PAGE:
8. My Eyes Have Seen -- words and photos by Bob Fitch (1971) Wonderful black and white photographs from 1965-1971. Subjects include Martin Luther King, Jr., Coretta King, David Harris, Cesar Chavez, Pete Seeger, and Dorothy Day.
  9. Walking With the Wind -- A Memoir of the Peace Movement -- John Lewis (1998) Autographed copy.

Conscientious Objection

"The pioneers of a warless world are the youth who refuse military service"

--Albert Einstein

  1. Character "Bad" -- the Story of a Conscientious Objector -- Harold Studley Gray (1934).
  2. The Conscientious Objector in America -- Norman Thomas (1923).
  3. Conscription of Conscience -- The American State and the Conscientious Objector 1940-1947 -- Mulford Q. Sibley and Philip E. Jacob (1952).
  4. The CPS Story: An Illustrated History of Civilian Public Service -- Albert N. Keim (1990).
  5. Directory of Civilian Public Service -- May, 1941, to March, 1947 -- Published by the National Service Board for Religious Objectors.
  6. A Few Small Candles: War Resisters of World War II Tell Their Stories -- Larry Gara and Lenna Mae Gara, editors (1999).
  7. Handbook for Conscientious Objectors -- Central Committee for Conscientious Objectors (11th edition 1971 and 13th edition 1982).
  8. The New Exiles -- American War Resisters In Canada -- Roger Neville Williams (1971).
  9. Peace Was in Their Hearts -- Conscientious Objectors in World War Two -- Richard C. Anderson (1994).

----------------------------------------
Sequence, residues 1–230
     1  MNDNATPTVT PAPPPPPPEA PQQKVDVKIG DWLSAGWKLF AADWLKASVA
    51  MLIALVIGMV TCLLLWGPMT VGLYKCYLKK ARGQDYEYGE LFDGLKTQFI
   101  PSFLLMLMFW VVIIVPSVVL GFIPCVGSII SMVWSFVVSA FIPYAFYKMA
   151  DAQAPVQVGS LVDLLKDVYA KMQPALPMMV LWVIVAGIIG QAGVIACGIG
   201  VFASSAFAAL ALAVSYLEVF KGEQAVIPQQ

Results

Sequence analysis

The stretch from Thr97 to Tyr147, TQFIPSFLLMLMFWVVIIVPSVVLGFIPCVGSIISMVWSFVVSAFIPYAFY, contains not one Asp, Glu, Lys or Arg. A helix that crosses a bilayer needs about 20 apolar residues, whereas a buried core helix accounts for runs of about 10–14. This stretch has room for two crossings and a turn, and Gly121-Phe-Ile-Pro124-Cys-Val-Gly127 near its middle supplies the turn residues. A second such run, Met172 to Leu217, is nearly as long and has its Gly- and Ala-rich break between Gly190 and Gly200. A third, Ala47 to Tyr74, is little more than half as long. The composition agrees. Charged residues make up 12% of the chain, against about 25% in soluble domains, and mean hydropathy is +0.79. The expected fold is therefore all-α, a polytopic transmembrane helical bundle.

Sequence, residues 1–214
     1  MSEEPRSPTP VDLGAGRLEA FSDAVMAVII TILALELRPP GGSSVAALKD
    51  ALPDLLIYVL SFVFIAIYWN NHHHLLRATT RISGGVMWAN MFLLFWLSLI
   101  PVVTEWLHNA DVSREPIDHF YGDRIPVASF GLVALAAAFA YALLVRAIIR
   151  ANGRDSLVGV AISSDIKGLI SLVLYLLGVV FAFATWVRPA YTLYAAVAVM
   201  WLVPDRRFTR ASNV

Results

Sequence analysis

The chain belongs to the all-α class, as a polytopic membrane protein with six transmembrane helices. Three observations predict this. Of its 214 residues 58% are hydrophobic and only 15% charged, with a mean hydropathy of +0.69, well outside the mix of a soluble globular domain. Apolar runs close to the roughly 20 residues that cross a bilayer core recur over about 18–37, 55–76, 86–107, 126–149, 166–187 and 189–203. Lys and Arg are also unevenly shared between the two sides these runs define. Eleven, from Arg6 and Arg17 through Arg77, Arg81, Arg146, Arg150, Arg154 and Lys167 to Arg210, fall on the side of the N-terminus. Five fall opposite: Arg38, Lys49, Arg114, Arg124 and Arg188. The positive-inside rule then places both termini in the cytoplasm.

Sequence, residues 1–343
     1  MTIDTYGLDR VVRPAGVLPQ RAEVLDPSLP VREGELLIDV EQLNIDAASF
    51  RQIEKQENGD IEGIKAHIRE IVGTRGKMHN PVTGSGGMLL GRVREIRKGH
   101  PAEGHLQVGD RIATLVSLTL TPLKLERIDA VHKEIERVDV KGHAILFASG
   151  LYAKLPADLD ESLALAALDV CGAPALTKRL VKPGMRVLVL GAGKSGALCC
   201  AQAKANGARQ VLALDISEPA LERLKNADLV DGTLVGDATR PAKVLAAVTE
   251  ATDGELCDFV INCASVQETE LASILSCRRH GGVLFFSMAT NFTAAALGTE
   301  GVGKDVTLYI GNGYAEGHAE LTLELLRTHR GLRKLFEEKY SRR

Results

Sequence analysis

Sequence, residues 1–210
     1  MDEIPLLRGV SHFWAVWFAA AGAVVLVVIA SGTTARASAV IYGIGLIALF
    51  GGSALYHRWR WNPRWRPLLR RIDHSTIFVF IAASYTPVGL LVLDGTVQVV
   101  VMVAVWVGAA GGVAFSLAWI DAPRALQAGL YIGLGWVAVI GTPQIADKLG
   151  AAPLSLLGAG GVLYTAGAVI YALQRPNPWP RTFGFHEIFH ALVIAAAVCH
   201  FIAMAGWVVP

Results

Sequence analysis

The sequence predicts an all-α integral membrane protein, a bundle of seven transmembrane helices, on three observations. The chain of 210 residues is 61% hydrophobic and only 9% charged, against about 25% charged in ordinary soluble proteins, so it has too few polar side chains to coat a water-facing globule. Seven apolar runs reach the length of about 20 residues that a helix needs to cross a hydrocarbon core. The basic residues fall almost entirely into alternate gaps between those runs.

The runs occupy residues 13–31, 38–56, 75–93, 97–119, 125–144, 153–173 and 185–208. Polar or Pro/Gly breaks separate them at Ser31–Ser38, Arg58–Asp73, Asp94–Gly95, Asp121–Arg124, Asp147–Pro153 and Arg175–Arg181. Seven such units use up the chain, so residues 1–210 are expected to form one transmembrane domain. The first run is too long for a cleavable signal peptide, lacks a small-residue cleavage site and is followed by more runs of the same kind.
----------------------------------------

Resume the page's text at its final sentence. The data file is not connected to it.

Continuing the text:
10. They Love It But Leave It -- American Deserters -- Devi Prasad (1971).

Nuclear War

"We cannot be satisfied with a situation in which the world is capable of extinction in a moment of error, or madness, or anger."

--John F. Kennedy

  1. Alternatives to the H-Bomb -- (1955) A compilation of pieces by prominent authors such as Lewis Mumford, Reinhold Niebuhr, and Chester Bowles.
  2. Atomic Energy for Military Purposes -- The Official Report on the Development of the Atomic Bomb Under the Auspices of the United States Government, 1940-1945 -- Henry DeWolf Smyth (1945).
  3. Missile Envy -- The Arms Race and Nuclear War -- Dr. Helen Caldicott (Revised Edition, 1986).
  4. Peace or Atomic War? -- Albert Schweitzer (1958).
  5. We of Nagasaki -- Eight Survivors in an Atomic Wasteland -- Takashi Nagai (1951).


"We plant seeds that will flower as results in our lives, so best to remove the weeds of anger, avarice, envy and doubt, that peace and abundance may manifest for all."

--Dorothy Day